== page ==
Garden Chemicals and Pets: How to Keep Your Dog Safe
Did you know that some of the most common things in your garden can be toxic to your dog?
If you like your garden well manicured, the chances are that you use chemicals to keep the pests away from your beautiful and expensive plants. But, these chemicals can be harmful to your dog’s health!
So, it is vital to know what is safe for your furry friend, and what’s not.
That’s what we’re going to help you with.
In this blog post, we will talk about garden chemicals and pets and also go through how to keep your four-legged friend safe.
Your Golden Retriever loves spring as much as you do because the winter is finally gone, which means that you and your furry friend can enjoy time together outdoors!
But, there might be danger lurking in the garden for your dog.
If you like to keep a well-manicured garden, the chances are that you use chemicals, insecticides, and pesticides to keep your plants looking clean and fresh. But, these can be dangerous for your dog.
Did you know that phenoxy herbicides can contribute to your dog developing bladder cancer?
Garden chemicals do have long-term health effects on our furry friends. Most people believe that herbicides are somewhat safe, but, the research is limited, to say the least. Herbicides can cause your furry friend to throw up when ingested.
So, it is safe to say that you should keep your furry friend as far away from them as possible.
Ensure that you keep your dog inside the house along with his belongings (his favorite stick, chew toys, bowls, etc.) when you’re spraying your garden with herbicide. Try to ensure that your dog stays away from the area for at least a day or two until the area is dry.
Your garden is dog-safe once the chemical is taken down to the roots.
Did you know that most slug and snail bait contains Metaldehyde which is harmful to your Golden Retriever?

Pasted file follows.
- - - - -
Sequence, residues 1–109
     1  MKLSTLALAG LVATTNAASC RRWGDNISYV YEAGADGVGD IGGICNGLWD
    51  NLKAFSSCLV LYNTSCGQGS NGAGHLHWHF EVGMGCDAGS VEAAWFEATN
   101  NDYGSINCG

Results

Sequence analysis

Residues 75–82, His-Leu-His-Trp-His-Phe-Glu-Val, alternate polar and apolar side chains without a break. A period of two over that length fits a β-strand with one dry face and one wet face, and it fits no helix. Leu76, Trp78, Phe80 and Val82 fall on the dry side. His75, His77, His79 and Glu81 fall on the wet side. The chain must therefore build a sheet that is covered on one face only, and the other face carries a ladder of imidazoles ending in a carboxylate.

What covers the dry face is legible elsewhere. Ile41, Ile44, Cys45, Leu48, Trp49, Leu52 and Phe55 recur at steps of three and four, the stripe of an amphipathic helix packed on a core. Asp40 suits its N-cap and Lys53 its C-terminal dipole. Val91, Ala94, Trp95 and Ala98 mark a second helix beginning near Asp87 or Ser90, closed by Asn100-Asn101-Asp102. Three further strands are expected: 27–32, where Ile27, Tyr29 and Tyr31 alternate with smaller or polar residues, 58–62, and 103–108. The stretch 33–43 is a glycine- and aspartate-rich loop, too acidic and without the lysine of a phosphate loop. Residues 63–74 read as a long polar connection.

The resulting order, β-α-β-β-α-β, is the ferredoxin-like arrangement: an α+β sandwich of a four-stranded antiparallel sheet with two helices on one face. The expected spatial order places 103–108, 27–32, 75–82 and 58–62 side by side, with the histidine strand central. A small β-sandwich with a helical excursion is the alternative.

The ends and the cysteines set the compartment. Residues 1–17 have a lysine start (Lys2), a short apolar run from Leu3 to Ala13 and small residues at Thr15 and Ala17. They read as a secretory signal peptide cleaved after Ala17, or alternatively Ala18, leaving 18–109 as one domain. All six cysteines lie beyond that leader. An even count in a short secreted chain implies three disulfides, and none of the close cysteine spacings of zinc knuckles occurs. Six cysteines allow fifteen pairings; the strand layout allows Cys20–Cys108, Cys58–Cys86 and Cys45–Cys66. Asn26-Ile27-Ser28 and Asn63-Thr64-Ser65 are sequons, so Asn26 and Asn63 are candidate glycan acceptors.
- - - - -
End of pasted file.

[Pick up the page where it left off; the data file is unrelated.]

This can cause your dog to have seizures, tremors, and in the worst case, may even lead to death! We recommend that you avoid these altogether. Snail and slug baits that contain ferric phosphate are less toxic.
But why take a chance?
What are disulfoton pesticides, anyway?
Part of a class of pesticides called organophosphates, Disulfoton pesticides have been pulled off the market in most areas but, you can still find them in products that protect the rose flower like Ortho Rose Pride.
Disulfoton is highly toxic to dogs and can cause seizures, vomiting, diarrhea, and potentially death.
Throw anything and everything that contains Disulfoton pesticides in your house.
Dogs are curious by nature and put everything that they get their paws on in their mouths. Pesticides often come mixed with fertilizers like bone meal and blood, which makes is why dogs are naturally curious of it.
So, your dog will most definitely like to have a taste.
If you can’t do away with Disulfoton pesticides, you should try to use them in areas that your dog doesn’t have access to. Try to keep them away from your furry friend’s reach.
After all, your dog’s health is your number one priority.
Did we cover everything you needed to know about garden chemicals and pets?
A simple mistake can cause your dog to go through health issues, and even cost you hundreds of dollars in veterinary fees. As a responsible pet parent, it is crucial to know what’s safe and what isn’t for your doggy friend.
I hope that this blog post was able to help you out!
If you have any questions, let us know in the comments, and we’ll get back to you as soon as we can.